Statins myth: thousands are dying because of warnings over non-existent side effects


False claims about the risks of statins may have cost the lives of tens of thousands of Britons, researchers have said, after a Lancet study found the drugs do not cause side-effects which have deterred many.

The research on 10,000 people found that if they did not know what drugs they were given, they were no more likely than those given sugar pills to report symptoms such as muscle pain, sleep disturbance and cognitive impairment.

Yet when participants in a second part of the trial were told the drugs were statins, rates of some reported side-effects shot up – with muscle pain appearing up to 41 per cent more common.

Last night the study’s lead author accused British medicines regulators of “jumping the gun” in ever listing such side-effects on drug packaging.

Prof Peter Sever, from Imperial College London, urged the Medicines and Healthcare Products Regulatory Agency (MHRA) to now strip packets of such warnings, in order to save “tens if not hundreds of thousands of lives”.

There are people out there who are dying because they’re not taking statins, and the numbers are large, the numbers are tens of thousands, if not hundreds of thousandsProf Peter Sever, Imperial College London

He said it was a “tragedy” akin to the MMR scandal that high risk patients had been deterred from taking drugs which could save their lives. Urging patients not to “gamble” with the risk of heart attacks and strokes, he said “bad science” had misled the public, deterring many from taking life-saving medication.

The study of patients at risk of heart disease, found that those told that their daily drug was a statin were far more likely to think they were suffering side-effects.

Researchers said it illustrated a “nocebo effect” which meant patients were more likely to think they were experiencing side-effects if they expected them.

As a result, daily aches and pains were more likely to be attributed to statins.

The phenomenon is the opposite to the well-known placebo effect, the beneficial response sometimes experienced by those given “dummy” drugs as part of trials.

NHS guidance recommends the cholesterol-busting drugs for around 40 per cent of adults.

But a number of doctors have argued against “mass medicalisation” saying too many pills are being doled out instead of efforts to improve lifestyles.

The new study suggests millions of patients could benefit from high doses of statins

Prof Sever said many of those arguing against statins had exagerrated risks such as muscle pain, which were not backed by the new study, the largest ever research into their side-effects.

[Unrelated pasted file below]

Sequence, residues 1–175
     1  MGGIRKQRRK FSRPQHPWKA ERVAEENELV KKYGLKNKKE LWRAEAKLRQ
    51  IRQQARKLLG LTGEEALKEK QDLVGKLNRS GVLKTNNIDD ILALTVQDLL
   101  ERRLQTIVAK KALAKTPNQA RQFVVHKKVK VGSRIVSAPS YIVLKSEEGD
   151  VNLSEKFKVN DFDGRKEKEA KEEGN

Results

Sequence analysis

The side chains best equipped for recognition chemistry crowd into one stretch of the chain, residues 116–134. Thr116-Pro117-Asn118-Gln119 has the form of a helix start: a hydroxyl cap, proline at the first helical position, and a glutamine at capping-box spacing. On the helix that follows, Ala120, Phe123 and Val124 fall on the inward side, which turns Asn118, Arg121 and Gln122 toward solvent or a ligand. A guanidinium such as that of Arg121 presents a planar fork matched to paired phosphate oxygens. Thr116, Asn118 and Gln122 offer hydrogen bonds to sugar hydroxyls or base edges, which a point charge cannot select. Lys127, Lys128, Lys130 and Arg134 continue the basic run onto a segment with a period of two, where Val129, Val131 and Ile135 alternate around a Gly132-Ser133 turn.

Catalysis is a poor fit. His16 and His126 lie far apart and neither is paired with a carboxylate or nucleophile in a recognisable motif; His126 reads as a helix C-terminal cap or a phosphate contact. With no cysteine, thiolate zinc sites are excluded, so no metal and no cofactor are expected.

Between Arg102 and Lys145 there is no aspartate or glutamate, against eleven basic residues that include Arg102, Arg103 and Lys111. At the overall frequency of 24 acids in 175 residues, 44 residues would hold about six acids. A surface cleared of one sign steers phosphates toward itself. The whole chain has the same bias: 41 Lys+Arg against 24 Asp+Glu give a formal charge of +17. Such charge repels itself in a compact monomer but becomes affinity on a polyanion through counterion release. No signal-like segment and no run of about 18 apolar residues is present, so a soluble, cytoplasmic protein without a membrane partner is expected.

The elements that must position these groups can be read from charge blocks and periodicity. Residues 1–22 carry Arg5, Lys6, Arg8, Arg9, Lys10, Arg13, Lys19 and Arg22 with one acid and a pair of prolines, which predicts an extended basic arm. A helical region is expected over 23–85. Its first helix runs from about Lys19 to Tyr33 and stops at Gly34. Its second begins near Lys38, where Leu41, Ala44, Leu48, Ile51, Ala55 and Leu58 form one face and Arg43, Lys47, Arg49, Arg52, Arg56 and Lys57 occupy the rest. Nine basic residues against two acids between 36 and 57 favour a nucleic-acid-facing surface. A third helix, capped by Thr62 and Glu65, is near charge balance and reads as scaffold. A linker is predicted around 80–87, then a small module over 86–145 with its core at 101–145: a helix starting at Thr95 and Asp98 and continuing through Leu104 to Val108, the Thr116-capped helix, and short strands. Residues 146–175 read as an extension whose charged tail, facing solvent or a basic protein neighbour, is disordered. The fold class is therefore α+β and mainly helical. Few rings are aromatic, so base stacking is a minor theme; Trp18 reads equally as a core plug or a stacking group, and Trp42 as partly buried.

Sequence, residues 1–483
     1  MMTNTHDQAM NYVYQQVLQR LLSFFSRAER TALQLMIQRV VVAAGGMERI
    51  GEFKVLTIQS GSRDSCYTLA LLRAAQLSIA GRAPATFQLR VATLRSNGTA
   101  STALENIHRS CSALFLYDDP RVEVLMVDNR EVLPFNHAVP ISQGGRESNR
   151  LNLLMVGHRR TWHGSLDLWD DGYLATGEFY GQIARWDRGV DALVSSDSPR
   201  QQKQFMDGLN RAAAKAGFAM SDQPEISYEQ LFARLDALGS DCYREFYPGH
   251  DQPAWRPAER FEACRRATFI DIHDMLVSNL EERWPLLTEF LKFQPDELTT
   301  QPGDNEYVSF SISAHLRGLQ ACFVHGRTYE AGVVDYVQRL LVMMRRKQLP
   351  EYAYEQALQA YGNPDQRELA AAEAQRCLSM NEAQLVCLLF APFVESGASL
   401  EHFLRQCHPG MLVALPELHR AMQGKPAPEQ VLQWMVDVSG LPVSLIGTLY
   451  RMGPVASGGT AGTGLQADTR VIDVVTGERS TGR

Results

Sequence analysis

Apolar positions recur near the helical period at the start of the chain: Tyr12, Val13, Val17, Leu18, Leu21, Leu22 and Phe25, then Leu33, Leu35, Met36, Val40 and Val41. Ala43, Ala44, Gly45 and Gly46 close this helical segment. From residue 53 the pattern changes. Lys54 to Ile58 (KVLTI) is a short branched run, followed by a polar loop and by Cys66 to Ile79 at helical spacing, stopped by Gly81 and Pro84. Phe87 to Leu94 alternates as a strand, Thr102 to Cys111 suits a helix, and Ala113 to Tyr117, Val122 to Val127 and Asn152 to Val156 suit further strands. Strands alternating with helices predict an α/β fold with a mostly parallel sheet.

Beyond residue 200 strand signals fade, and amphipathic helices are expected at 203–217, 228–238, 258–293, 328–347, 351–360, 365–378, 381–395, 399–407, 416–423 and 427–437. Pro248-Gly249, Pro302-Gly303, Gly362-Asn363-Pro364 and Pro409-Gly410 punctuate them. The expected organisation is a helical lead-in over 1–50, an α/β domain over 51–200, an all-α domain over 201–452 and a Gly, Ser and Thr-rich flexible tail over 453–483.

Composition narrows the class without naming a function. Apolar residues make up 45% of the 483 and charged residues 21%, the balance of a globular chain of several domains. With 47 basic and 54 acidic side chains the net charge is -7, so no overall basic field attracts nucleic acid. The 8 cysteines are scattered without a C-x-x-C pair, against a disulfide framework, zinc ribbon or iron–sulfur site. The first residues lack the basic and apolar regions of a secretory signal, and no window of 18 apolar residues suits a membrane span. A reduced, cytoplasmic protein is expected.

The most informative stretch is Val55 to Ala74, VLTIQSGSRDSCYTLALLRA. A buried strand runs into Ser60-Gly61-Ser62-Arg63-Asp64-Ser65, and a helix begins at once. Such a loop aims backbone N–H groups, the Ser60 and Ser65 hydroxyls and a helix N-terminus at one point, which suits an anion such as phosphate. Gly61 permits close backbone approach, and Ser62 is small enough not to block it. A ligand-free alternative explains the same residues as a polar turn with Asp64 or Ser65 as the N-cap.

In 2009, the MHRA listed such side-effects on packaging for statins, after a series of observational studies suggested such links.

Prof Sever said the regulator should never have taken such action.

“There are people out there who are dying because they’re not taking statins, and the numbers are large, the numbers are tens of thousands, if not hundreds of thousands. And they are dying because of a nocebo effect, in my opinion,” he said.

“Many of us would say that the MHRA … did not make a profound value judgment based on the evidence,” the professor said.

“We would hope that the MHRA will withdraw that request that these side effects should be listed.”

He added: “These warnings should not be on the label … I would love to see these side effects removed.

A spokesman for the MHRA said: “The benefits of statins are well established and are considered to outweigh the risk of side-effects in the majority of patients.”

“Any new significant information on the efficacy or safety of statins will be carefully reviewed and action will be taken if required, including updates to product labelling.”

The study’s researchers said statins were not without any side-effects. Statins carry around a 9 per cent increased risk of diabetes, they said, with links to uncommon side effects such as myopathy, resulting in muscle weakness.

Even so, the benefits of the drugs in reducing risk of heart attacks and strokes “overwhelmed” the risk of side-effects, Prof Sever said.

Speaking of the nocebo effect, he said: “Just as the placebo effect can be very strong, so too can the nocebo effect.

“This is not a case of people making up symptoms, or that the symptoms are ‘all in their heads’. Patients can experience very real pain as a result of the nocebo effect and the expectation that drugs will cause harm.”

The study was funded by drug company Pfizer, which makes statins, but the authors said all data collection, analysis and interpretation of the results was carried out independently.

London cardiologist Dr Aseem Malhotra, who has argued against mass prescribing of statins, last night insisted the drugs had only “marginal” benefits for those with established heart disease, and did not save lives for lower risk patients.

Other research had found that more than half of patients put on statins abandoned them within a year, most commonly because of side-effects, he said.

He said the misrepresentation of the risks and benefits of statins would unfold to become “one of the biggest scandals in the history of medicine”.

 

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